Halloween has become somewhat of a mystic phenomenon in our office over the past 20 years or so. Every year, my staff and I dress in costume and create an atmosphere of fun – and a little bit of craziness.
Even though we don’t treat children, the October 31st observance has become a ritual. It has morphed from what would an otherwise typical day in the office into one of the most unusual (and busiest) of the year.
Many of our patients schedule their appointments to coincide with Halloween. And, many more visit throughout the day just to see us in our Halloween regalia, which results in many smiles, many laughs, and many pictures!
Last year I had the grand idea of dressing as The Green Giant, and I assigned each member of my wonderfully playful staff to be my vegetables – peas, tomatoes, kale, etc. They were great, and so was I (if I do say so myself)!
This year, my team called, “Dibbs!” and claimed ownership of the theme. I think they sought retribution for my making them garden variety plants.
So they decided to dress as the Seven Dwarfs. And I was trepidatiously transformed – thanks to my make-up artist and wardrobe consultant, Sandra – into (yes, you got it)…
Here I am in my flowy size 3X dress topped off with a black wig, foundation, lip liner, lipstick, mascara, and false eyelashes:
As you may be able to detect, I also displayed a classic Disney hourglass figure thanks to the addition of silicone falsies to fill out the top of the dress. Frankly, my shape was more of a tree trunk or a 55-gallon drum.
The first appointment of the day was Roger, a relatively new patient who was not prepared for the mayhem he walked into. He took one look at me and said, “You’re going to treat me like that?”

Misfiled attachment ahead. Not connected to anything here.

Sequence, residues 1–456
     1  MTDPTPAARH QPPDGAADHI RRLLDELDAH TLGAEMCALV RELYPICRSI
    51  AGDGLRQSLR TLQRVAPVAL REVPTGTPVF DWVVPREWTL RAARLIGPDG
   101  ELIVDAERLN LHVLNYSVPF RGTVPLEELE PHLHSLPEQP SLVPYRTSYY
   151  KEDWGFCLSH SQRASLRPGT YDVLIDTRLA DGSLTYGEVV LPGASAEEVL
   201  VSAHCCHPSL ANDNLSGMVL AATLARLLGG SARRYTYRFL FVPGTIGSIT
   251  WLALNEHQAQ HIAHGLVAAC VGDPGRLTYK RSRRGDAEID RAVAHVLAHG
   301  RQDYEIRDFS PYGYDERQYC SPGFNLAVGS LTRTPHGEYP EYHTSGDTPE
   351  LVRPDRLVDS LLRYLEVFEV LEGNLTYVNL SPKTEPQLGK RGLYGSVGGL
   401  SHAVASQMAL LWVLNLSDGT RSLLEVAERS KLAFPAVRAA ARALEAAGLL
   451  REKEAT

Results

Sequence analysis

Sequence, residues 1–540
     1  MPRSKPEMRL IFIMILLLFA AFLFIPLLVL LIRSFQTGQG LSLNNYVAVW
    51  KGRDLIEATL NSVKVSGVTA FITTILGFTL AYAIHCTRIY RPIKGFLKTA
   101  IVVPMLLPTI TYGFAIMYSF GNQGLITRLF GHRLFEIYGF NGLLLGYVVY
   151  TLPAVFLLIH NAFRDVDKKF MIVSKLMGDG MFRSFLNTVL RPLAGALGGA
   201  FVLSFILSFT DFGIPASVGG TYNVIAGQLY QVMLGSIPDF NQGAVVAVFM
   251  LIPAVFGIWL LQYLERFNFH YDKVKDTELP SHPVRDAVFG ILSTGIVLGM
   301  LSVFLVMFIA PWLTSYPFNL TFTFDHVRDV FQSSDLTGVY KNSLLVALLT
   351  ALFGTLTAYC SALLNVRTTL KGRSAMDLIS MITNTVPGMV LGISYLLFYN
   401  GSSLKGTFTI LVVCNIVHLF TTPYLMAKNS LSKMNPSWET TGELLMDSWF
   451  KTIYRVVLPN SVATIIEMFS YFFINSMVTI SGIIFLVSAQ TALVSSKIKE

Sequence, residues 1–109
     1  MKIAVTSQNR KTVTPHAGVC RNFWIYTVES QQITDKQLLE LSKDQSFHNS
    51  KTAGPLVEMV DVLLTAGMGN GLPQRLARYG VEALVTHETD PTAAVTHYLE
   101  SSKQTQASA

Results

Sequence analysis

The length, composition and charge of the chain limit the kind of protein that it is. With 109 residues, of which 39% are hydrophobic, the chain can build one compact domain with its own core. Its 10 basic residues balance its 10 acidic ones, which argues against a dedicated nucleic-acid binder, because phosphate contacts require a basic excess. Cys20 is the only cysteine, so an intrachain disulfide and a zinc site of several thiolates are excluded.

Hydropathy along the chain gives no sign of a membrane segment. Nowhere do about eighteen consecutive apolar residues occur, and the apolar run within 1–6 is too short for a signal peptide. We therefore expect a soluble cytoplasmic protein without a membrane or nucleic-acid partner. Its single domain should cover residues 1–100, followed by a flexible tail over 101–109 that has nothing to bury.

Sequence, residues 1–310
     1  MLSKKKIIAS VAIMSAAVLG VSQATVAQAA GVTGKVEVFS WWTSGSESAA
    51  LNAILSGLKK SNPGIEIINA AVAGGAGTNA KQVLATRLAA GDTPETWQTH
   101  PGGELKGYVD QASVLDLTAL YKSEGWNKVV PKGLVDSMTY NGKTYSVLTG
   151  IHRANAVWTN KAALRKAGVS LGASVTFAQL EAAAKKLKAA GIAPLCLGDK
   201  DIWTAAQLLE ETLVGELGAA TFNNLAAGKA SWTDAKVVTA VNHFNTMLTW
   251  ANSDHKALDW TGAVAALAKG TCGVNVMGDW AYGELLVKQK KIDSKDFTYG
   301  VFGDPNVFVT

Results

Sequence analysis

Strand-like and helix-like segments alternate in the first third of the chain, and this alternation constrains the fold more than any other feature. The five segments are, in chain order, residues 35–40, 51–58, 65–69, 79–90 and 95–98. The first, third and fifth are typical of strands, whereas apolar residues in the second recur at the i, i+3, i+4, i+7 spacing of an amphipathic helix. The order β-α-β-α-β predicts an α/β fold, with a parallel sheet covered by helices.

“Well I’m certainly not changing,” said I. At which point Roger countered, “I’m not getting into the chair, but let me take a picture and send it to my wife. She’s not going to believe that you’re the one doing dentistry for me.”
He then walked into the treatment room, sat in the chair and discovered that Snow White, like her dwarfs, whistles while she works.
All day long our patients smiled, laughed, and took lots of pictures.
Victor was one of the last patients of the day, and it wasn’t his first rodeo in my office on Halloween. He’s been a part of the family for nearly two decades.
Victor walked in, shook his head, smiled and said, “You’re crazy!” as I waltzed him into the operatory. He needed a simple filling. As I administered the injection of anesthetic, he closed his eyes and reached up to hold my assistant’s hand.
But, unbeknownst to him, the assistant wasn’t there! (She had slipped out of the room and had been discreetly sent out to get a birthday cake for me – it was my birthday, too).
When an assistant’s hand isn’t available, we usually have squishy balls for patients to squeeze – it’s far better than digging one’s nails into their own palms. So, as Victor’s hand was outstretched, I reached into my dress, pulled out my silicone falsie and placed it right onto his palm. He squeezed gently, and I watched his tension dissipate.
When I finished the injection and sat him up to rinse, he looked into his hand, saw what he’d been squeezing, and we both burst out in laughter.
Halloween 2018 was absolutely awesome. I got to dress in drag and we all had a hoot.
I love the playfulness of Halloween. For one day, it allows us to feel like children and share our glee with those who come to the office.
One of my philosophies is:
Take what you do seriously, but don’t take yourself so seriously that you can’t appreciate the humor that life can provide.
(Notice the patient waiting to be treated in the photo above.)
Want to see photos of Halloweens past? Click here